The city of St. Albert, Alberta, will look to tighten up its bylaws to restrict the use of store parking lots for overnight camping and selling used vehicles, the St. Albert Gazette reported.

Mayor Nolan Crouse spearheaded the push because he thinks parking lots like Wal-Mart’s are being transformed nightly into campsites and defacto used car lots.

“If you want to sell something, get a license to sell stuff and do it in the proper format,” he said.

“If you want to park and camp and do camping kinds of activities, do it in campgrounds … a parking lot right next to a busy street isn’t that location.”

Crouse said he often sees vehicles with “For Sale” signs parked at the Wal-Mart and also RVs with pets tethered to them and barbecues in the open. This is an inappropriate use of the land that creates an unsightly city, he said. He sees the trend growing in the coming years as box stores compete with each other by offering up their lots to users.

“We should nip this in the bud in the next year,” Crouse told council Monday.

Limiting overnight parking would allow the Kinsmen RV Park and used car lots “to do their job,” Crouse said.

He made a motion calling for changes to the land use bylaw to restrict the length of time a recreational vehicle can be parked and to limit “camping-type activities” such as fires.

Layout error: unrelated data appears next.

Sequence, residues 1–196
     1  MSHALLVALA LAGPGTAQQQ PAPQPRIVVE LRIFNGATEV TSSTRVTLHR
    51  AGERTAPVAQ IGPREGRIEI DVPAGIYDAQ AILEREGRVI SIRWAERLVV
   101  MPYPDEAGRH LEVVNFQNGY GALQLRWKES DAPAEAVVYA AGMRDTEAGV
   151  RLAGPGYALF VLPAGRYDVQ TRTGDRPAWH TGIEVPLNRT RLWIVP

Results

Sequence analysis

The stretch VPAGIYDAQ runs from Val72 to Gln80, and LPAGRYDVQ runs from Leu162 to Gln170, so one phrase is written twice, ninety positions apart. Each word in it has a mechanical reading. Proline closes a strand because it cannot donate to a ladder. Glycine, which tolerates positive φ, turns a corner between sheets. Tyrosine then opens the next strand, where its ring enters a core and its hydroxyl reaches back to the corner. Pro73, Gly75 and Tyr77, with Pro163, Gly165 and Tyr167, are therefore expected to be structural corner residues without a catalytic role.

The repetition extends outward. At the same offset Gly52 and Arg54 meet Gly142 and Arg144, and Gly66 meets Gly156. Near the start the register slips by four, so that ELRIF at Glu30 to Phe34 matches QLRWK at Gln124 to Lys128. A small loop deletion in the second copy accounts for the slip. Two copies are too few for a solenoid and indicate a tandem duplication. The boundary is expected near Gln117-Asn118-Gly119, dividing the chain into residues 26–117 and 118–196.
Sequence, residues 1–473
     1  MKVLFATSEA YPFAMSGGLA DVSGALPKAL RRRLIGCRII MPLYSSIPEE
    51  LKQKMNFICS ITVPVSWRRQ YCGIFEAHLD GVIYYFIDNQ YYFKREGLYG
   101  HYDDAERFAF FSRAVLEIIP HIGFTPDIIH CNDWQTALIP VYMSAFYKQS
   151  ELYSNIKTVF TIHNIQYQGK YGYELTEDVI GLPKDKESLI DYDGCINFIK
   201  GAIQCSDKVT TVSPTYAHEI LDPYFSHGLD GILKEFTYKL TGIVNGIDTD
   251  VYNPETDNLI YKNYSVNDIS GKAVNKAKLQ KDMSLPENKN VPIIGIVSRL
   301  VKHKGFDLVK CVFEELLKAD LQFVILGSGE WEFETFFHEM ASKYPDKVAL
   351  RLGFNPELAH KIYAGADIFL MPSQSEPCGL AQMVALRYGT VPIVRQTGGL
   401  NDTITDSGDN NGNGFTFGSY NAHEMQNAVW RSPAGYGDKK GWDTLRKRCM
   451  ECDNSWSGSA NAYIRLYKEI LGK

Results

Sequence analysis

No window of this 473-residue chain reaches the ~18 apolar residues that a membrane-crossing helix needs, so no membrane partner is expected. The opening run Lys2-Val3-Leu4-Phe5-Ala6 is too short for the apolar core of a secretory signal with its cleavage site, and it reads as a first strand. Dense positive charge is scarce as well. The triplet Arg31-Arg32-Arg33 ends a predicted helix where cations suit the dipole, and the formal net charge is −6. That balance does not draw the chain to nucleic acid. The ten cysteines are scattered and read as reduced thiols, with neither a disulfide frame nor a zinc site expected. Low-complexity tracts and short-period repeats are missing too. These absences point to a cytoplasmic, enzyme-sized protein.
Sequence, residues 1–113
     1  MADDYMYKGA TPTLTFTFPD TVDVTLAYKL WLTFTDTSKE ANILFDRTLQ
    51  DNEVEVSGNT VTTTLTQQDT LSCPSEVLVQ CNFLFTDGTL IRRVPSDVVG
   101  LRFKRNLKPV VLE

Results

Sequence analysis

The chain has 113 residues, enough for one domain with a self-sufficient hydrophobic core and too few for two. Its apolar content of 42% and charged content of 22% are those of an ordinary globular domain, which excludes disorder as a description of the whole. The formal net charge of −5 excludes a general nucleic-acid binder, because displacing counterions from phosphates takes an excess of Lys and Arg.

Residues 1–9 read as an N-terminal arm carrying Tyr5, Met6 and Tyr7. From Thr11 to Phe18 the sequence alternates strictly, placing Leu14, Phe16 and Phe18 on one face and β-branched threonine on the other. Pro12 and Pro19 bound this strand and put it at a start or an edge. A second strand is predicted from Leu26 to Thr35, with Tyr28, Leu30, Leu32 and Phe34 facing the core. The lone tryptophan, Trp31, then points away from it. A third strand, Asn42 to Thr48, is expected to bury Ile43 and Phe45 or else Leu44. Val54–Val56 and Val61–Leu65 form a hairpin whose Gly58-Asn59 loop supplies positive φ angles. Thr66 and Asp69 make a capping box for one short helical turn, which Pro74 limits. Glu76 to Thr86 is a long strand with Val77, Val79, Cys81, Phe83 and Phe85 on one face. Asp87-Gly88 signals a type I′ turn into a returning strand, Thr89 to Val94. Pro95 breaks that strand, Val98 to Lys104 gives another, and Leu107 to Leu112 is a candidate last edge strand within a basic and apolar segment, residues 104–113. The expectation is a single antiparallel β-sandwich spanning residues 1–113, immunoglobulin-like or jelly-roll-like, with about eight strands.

Most Wal-Mart stores in North America allow overnight parking, according to research conducted by city administration. In some cases, individual stores or municipalities have banned overnight parking. The city hasn’t received any complaints about parking at the St. Albert Wal-Mart, said a background report.

The city needs to research the best way to regulate the overnight parking of RVs, the report states. The land use bylaw would not be the most appropriate means because enforcement falls to development officers and not bylaw officers, it says.

Nevertheless, Crouse pursued his motion to amend the land use bylaw and it passed in a 4-3 vote. Voting in support were Wes Brodhead, Roger Lemieux and Cam MacKay. Voting against were Malcolm Parker, Len Bracko and Cathy Heron.

“I have a bit of a problem with this because it is private property of Wal-Mart’s and it should be up to them to decide,” Heron said.

She said she understands the concern about unsightliness but believes overnight parking is a benefit to the business and even the community.

“Travelling in an RV myself, we have done the Wal-Mart parking thing because sometimes campgrounds are full, you can’t find a spot,” Heron said. “Before we get too far into this I think we need to think of the rights of the businesses … that allow this.”

City administration has until Feb. 28, 2012, to bring forward a recommendation.